US sails warship near Russia-claimed waters in Sea of Japan to challenge 'excessive maritime claims'

Freedom of navigation operation was first in area since 1987, when Soviet Union claimed waters, US Navy official says

Samuel Osborne
Thursday 06 December 2018 14:08
The guided-missile destroyer USS McCampbell sails in the Pacific Ocean
The guided-missile destroyer USS McCampbell sails in the Pacific Ocean

The US Navy sailed a guided missile destroyer near contested waters in the Sea of Japan “to challenge Russia‘s excessive maritime claims” in a move widely expected to exacerbate strained relations with the Kremlin.

The USS McCampbell sailed in the vicinity of Peter the Great Bay to “uphold the rights, freedoms and lawful uses of the sea enjoyed by the United States and other Nations,” US navy Lt Rachel McMarr said in a statement.

The destroyer carried out what the navy calls a freedom of navigation operation (FONOP).

It comes as the US prepared to send a warship into the Black Sea in response to Russia’s seizure of three Ukrainian vessels and their sailors.

Peter the Great Bay is the largest gulf in the Sea of Japan and is home to Russia’s Pacific Fleet.

A US Navy official told CNN, who first reported the operation, that it was the first FONOP in that area since 1987, when the Soviet Union laid claim to the areas.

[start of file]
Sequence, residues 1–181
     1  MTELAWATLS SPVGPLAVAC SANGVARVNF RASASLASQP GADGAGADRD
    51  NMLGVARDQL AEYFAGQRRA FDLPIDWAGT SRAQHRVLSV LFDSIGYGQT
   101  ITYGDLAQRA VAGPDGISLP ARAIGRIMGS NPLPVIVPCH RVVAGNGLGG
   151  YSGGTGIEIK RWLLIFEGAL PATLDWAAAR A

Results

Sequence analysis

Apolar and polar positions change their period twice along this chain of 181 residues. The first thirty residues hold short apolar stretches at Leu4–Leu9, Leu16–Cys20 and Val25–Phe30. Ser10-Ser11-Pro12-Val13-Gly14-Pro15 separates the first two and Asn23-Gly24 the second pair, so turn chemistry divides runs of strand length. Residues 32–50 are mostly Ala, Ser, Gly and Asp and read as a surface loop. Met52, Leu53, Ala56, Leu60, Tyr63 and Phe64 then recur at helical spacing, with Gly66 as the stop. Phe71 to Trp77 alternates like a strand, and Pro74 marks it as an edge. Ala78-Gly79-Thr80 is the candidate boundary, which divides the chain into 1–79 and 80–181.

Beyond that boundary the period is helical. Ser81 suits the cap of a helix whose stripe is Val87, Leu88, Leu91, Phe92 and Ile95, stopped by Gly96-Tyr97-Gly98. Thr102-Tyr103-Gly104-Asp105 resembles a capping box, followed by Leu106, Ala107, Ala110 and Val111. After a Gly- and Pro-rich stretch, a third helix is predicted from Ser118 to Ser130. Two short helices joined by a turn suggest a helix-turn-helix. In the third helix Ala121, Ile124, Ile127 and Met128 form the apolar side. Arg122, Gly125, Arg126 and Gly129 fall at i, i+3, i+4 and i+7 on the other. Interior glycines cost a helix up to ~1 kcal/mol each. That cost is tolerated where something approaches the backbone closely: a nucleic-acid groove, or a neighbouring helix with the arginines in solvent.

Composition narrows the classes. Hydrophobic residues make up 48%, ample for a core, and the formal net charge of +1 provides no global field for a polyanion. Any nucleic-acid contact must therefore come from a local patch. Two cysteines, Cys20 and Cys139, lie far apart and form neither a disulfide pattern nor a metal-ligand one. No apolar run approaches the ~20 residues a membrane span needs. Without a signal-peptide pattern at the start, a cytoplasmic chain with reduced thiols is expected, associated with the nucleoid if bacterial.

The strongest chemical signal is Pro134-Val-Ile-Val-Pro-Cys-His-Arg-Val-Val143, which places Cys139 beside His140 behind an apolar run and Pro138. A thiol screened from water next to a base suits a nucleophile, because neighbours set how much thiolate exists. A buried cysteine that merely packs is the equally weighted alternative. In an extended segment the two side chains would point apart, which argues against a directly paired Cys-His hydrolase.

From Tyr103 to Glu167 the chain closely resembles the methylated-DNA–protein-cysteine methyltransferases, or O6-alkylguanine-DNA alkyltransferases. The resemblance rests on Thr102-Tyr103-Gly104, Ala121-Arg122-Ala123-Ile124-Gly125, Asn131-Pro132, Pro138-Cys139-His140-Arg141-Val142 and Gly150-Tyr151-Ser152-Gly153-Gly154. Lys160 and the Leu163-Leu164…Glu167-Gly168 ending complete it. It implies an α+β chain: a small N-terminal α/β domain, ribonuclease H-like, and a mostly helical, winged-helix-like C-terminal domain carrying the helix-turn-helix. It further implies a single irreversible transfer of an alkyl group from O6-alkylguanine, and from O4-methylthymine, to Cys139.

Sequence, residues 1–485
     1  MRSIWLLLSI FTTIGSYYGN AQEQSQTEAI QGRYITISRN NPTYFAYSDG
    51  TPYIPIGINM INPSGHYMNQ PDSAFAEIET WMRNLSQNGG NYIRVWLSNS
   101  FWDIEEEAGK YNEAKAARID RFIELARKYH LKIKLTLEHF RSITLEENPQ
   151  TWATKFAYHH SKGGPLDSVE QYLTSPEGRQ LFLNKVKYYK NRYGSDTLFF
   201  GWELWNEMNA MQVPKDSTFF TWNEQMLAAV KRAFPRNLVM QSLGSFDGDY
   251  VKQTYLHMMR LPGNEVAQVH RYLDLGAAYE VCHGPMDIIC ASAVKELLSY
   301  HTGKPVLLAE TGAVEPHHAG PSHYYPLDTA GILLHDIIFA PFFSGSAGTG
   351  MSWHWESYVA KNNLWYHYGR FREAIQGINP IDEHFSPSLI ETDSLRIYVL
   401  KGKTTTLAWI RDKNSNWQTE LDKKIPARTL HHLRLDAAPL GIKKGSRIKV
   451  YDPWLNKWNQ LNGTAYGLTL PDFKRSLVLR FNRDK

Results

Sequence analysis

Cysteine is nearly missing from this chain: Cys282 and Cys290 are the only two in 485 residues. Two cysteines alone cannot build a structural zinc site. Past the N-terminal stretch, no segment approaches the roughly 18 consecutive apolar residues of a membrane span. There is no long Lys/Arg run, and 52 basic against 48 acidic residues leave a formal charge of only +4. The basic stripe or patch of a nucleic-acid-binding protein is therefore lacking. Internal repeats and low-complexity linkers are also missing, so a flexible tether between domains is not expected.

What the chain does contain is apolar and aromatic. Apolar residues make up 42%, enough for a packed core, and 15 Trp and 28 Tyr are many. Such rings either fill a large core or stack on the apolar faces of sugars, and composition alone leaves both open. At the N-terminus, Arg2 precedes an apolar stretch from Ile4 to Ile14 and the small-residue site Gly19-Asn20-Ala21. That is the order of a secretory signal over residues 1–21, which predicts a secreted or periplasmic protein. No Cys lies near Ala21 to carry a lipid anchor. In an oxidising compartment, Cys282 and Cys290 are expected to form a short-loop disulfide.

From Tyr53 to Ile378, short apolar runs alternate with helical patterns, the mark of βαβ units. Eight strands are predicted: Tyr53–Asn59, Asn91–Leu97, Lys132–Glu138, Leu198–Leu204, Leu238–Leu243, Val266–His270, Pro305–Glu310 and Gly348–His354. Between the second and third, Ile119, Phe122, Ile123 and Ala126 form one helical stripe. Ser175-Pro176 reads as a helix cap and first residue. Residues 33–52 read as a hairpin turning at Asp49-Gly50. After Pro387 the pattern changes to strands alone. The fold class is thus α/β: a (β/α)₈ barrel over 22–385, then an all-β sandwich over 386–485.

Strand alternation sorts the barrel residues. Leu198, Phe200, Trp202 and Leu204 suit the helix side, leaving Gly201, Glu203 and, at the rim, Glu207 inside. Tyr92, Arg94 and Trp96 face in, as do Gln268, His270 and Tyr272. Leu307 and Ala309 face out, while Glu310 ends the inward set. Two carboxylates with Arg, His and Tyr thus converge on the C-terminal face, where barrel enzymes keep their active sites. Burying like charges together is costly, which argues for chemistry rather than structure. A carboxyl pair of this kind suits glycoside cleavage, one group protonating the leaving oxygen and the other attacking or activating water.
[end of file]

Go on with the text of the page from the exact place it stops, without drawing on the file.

The official said the US does not recognise Russia’s claims, which they said far exceed the 12 miles from the Russian coastline guaranteed by international law.

“US Forces operate in the Indo-Pacific region on a daily basis,” Ms McMarr added.

“These operations demonstrate the United States will fly, sail and operate wherever international law allows. That is true in the Sea of Japan, as in other places around the globe.”

She said the US Navy conducts “routine and regular” FONOPs which she said were “not about any one country, nor are they about current events”.

US suspends participation in Cold War-era nuclear treaty after Russia found in breach of agreement

The operation happened on the same day that Russian president Vladimir Putin suggested Moscow could develop intermediate-range nuclear weapons in response to the US quitting a key Soviet-era arms control treaty.

The US secretary of state, Mike Pompeo, gave Russia 60 days to come back into compliance with the agreement before the US would suspend its obligations.

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